can snails from the beach be snails for the aquarium

firstsalt

New member
im just wondering i guessing that unless i lived down south and not in new york this would work but i live up north just hoping and wondering
 

acpoweradapter

New member
I live in alabama and I collect snails about once a month to use, I have a small tank for letting them grow up so they dont get eaten by other things in my main tank.
 

username in use

Sciencing Daily
I live on long island, and my brother has actually collected and used mub snails with some success, they tend to stay on the sand bed, which can actaully be good if thats what you need.
 

firstsalt

New member
exactly what i need what side does he live on north or south cause i live in westchester i maybe could see him across the water
 

MrHarvard

"ship it"
Depending on the species of snail you may be safe to add them. Post pics for an ID or do some research. I have added several things I have collected from the local beaches here in florida but up North is a whole new ball game for me...
 

sedor

New member
I'm with everyone else, I doubt snails from NY would like that long in our tanks. However, they say mexican turbo snails are from colder waters and don't live long in our tanks, but i've had mine for around a year now.
 

username in use

Sciencing Daily
so far the local mud snails are going on 8 months and still kicking, and the local hermits are cleaning machines in the sandbed and show no signs of slowing down.
 
Keep in mind that adding wild livestock to your tank can cause a whole bunch of problems besides the snail in question kicking the bucket. For instance, it's a great way to introduce unknown pests.

Also, depending on where you live, there may or may not be fairly strict and well-enforced regulations on the collection of wildlife.

Not trying to deter you, but just hoping that you'll do this with eyes wide open.
 

firstsalt

New member
ihad a snail problem in freshwater but im just wondering how they become pest in saltwater because i am not keeping any macro algae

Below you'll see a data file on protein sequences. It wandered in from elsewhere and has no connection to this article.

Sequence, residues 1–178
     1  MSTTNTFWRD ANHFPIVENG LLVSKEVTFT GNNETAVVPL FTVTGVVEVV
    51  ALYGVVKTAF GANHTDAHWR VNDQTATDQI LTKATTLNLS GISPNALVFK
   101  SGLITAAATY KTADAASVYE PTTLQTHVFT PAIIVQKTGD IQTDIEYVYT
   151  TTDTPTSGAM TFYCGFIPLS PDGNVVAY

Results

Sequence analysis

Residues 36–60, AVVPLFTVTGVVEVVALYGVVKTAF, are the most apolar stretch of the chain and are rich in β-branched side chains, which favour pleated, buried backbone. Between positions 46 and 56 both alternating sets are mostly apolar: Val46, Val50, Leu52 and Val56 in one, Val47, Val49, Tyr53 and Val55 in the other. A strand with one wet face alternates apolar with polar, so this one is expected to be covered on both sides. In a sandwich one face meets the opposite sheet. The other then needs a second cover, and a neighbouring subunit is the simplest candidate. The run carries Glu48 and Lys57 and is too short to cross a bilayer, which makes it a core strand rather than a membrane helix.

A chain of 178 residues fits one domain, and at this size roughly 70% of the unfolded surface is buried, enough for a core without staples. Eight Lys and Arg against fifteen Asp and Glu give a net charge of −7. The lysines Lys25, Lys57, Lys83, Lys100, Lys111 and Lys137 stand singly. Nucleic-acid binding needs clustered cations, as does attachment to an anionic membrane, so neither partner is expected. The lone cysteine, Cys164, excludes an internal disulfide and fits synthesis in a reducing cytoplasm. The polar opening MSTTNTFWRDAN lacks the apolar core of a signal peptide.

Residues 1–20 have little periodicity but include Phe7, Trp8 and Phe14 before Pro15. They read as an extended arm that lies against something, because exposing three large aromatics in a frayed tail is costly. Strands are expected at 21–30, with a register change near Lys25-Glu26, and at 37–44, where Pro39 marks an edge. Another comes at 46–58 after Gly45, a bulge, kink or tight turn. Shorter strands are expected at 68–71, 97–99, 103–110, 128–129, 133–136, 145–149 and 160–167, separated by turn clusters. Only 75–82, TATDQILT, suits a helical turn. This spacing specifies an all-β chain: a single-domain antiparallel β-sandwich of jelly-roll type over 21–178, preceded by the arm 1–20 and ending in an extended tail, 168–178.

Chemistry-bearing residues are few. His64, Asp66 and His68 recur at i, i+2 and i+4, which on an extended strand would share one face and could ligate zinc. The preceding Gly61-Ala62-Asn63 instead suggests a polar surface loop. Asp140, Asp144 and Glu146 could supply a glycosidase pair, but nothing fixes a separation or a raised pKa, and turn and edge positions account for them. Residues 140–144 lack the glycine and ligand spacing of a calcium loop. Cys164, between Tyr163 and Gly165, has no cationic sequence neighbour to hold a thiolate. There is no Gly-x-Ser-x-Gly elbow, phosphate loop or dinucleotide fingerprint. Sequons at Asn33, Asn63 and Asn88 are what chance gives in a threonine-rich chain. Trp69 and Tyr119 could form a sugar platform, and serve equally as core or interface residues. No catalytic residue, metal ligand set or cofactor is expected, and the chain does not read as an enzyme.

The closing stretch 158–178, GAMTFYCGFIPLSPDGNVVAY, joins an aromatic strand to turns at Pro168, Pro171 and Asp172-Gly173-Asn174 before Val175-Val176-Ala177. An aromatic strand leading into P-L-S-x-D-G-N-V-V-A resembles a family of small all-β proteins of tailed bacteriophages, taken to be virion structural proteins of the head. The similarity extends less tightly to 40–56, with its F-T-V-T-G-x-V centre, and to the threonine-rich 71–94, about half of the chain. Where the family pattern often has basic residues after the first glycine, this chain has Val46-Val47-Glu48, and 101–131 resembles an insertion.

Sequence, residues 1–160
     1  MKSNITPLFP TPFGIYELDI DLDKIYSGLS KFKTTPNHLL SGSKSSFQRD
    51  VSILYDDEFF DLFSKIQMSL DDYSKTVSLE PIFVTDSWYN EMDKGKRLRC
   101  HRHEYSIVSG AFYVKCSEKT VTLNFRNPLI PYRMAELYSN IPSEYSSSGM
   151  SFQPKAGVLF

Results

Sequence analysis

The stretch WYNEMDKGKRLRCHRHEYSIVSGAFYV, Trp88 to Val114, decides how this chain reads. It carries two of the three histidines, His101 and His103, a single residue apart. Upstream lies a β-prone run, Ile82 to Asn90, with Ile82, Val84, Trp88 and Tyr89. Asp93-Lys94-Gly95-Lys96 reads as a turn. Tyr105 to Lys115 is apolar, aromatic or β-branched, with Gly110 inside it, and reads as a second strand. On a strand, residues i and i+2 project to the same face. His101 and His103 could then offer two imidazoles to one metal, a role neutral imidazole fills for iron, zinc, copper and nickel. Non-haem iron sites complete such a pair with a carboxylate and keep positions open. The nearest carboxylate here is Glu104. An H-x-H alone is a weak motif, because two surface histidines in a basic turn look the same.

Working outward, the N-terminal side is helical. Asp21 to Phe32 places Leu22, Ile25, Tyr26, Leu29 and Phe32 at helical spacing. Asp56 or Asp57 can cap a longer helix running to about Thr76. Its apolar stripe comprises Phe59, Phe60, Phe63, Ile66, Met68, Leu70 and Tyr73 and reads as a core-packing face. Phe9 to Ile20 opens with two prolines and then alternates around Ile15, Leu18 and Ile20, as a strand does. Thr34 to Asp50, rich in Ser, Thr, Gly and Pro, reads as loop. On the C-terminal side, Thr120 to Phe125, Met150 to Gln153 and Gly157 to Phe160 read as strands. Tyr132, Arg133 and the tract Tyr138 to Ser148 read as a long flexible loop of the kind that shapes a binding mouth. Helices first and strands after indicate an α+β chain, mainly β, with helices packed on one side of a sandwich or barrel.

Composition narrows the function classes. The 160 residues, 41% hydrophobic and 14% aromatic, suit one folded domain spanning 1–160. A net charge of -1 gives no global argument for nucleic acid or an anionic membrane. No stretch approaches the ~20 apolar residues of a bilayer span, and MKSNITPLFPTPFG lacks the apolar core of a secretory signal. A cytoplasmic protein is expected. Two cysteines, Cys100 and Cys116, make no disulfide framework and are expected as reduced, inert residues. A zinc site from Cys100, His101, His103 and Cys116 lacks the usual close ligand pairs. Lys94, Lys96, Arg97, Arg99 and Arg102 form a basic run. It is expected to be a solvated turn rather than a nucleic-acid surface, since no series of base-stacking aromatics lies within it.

username in use

Sciencing Daily
<a href=showthread.php?s=&postid=15484656#post15484656 target=_blank>Originally posted</a> by der_wille_zur_macht
Keep in mind that adding wild livestock to your tank can cause a whole bunch of problems besides the snail in question kicking the bucket. For instance, it's a great way to introduce unknown pests.

Also, depending on where you live, there may or may not be fairly strict and well-enforced regulations on the collection of wildlife.

Not trying to deter you, but just hoping that you'll do this with eyes wide open.

I agree, although Ive had some success, it is a risk that something may like the taste of coral or your other inverts.
 

firstsalt

New member
lol
<a href=showthread.php?s=&postid=15485061#post15485061 target=_blank>Originally posted</a> by username in use
I agree, although Ive had some success, it is a risk that something may like the taste of coral or your other inverts.
 

Agu

Premium Member
<a href=showthread.php?s=&postid=15485107#post15485107 target=_blank>Originally posted</a> by firstsalt
i cant find anything about not taking anything off the beach

If you find them on the beach at the waters edge they're probably an intertidal species that needs heavy wave flow and periods out of the water. When I first got into the hobby several vendors were selling intertidal snails. They didn't last long because they'd crawl out of the tank. I stepped on several as they slimed their way across my floor before I wised up.
 

Sk8r

Staff member
RC Mod
watch out for whelks: they're often bad citizens for a small tank, re your other inverts, except for Nassarius.
 

firstsalt

New member
i think i picked up nassarius snails at the beach and some hermit crabs that are freackin out from my nem
 
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